Authors who provide specific scientific data, even ones who are writing for lay audiences—I am thinking of Soderstrom’s frequent use of the “oldest” or “earliest” evidence—need to reference their original source. That source must be scientifically peer-reviewed, as are articles published in the journals Nature or Science, for instance, or books published by an academic press, thereby allowing readers to validate the methodology and accuracy of the data. Is the date used that of a bone, stone or wood artifact? Was the artifact dated? Alternatively was the charcoal in the sediments in which the artifact was found dated? Or were scratches on the surface of the artifact, presumably made by humans but alternatively possibly by animals or geological processes, dated? Each means something different. Soderstrom does not need to answer these questions; she simply has to rely on authoritative, peer-reviewed sources that do. This does limit the field of primary sources, but non-peer reviewed websites or blogs written by armchair archeologists—which, unfortunately, Soderstrom references as sources—fail to provide the rigour necessary to ensure that information is correct.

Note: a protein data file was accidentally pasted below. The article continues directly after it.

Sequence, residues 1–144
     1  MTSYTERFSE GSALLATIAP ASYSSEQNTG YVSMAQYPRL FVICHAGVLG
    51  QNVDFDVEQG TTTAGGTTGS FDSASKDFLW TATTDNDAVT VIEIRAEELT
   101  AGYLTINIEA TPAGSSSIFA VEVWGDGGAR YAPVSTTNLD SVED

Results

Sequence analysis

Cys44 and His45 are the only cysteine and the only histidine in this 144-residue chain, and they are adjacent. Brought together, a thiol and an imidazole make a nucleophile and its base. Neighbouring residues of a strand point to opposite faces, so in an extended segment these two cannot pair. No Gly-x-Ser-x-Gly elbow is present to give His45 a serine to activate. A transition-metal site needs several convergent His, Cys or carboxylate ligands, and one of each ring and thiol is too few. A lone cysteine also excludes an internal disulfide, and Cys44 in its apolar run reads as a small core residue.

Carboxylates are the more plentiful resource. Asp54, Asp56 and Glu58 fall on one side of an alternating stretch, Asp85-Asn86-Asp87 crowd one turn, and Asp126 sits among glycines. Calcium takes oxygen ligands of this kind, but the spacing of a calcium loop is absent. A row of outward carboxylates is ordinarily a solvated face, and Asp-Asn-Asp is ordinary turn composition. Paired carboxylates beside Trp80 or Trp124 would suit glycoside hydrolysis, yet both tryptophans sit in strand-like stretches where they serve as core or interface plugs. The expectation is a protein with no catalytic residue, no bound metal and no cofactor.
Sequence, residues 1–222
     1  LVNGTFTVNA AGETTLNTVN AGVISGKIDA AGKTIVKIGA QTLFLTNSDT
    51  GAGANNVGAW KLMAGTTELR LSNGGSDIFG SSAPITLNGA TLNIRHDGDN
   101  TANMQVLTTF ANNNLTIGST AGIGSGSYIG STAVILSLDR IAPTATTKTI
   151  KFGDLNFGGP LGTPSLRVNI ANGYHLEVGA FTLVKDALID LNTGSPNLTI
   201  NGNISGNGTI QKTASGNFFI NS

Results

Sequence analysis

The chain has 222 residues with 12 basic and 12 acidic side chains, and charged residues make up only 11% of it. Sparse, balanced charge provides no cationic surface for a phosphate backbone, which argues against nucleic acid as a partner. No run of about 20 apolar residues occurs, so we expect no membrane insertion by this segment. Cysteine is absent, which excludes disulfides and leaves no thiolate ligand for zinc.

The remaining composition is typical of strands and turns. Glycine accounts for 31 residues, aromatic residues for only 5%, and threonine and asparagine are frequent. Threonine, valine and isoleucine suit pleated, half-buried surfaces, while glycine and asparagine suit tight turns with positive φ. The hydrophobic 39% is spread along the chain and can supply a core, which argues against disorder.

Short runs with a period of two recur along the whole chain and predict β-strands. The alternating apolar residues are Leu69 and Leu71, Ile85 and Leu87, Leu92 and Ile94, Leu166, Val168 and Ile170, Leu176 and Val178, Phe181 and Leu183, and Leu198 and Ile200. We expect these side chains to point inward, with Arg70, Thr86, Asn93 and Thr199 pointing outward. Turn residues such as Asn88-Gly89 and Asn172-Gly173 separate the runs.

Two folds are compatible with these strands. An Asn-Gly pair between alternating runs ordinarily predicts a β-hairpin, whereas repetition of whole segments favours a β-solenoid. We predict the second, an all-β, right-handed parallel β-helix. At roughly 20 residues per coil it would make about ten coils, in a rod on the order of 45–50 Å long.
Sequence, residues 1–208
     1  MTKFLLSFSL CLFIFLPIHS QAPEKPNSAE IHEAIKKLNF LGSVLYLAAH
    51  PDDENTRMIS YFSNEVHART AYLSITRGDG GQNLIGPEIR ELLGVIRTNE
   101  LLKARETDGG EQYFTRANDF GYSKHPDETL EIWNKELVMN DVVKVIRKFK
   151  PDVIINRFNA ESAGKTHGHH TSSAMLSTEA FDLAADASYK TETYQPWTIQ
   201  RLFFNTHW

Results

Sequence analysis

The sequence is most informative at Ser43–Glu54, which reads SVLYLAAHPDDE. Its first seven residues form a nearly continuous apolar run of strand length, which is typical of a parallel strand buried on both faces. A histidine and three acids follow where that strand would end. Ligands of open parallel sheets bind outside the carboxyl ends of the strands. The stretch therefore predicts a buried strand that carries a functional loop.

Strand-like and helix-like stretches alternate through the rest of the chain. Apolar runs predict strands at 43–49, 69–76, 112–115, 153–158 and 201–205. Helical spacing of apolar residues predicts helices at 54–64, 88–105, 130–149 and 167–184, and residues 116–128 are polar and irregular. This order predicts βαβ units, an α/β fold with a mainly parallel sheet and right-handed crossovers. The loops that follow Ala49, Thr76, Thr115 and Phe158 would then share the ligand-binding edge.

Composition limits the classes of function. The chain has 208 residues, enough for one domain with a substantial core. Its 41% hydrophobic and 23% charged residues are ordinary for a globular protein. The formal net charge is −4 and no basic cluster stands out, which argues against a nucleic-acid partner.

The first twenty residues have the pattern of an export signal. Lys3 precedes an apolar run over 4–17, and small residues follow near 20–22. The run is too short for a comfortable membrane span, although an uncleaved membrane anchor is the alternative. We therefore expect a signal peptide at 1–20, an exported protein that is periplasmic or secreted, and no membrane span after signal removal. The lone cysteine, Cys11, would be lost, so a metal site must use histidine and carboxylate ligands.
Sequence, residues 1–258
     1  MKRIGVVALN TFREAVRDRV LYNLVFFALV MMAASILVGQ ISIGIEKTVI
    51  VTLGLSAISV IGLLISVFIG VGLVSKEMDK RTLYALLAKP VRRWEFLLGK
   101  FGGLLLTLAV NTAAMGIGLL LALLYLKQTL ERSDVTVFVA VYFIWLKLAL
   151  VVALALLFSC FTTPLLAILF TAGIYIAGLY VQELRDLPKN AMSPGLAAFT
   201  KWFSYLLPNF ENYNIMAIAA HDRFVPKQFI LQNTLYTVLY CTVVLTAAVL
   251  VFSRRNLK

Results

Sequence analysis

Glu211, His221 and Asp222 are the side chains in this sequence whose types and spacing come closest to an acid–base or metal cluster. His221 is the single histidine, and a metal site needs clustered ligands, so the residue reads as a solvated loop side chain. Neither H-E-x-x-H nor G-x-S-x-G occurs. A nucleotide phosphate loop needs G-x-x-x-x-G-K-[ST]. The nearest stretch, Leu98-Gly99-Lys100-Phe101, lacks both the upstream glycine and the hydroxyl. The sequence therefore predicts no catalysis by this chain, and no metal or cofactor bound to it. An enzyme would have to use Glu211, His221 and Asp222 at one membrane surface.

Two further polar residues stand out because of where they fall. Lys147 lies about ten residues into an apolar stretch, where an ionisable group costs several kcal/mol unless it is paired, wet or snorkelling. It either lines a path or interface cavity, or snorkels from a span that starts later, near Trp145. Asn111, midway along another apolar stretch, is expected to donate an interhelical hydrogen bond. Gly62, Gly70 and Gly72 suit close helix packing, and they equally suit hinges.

For example, on numerous occasions Soder­strom refers to evidence of the original seafaring Homo erectus in Crete dating to 800,000 years ago. Regrettably, she does not cite the original scientific publication for this claim, and the references that she does provide indicate a date of 130,000 years for H. erectus in Crete. Soderstrom further states, “tools made by this prehuman also show up on islands on the other side of the world, such as Flores in the Pacific Ocean.” In fact, according to an article by M.J. Morwood and colleagues and published in Nature in 2005, it is on Flores Island that the earliest evidence of water crossings has been found and dated to approximately 800,000 years ago.3 Soderstrom further states that “the Flores population … died out only about 50,000 years ago” when, according to Morwood and others, the date is 12,000 years ago.4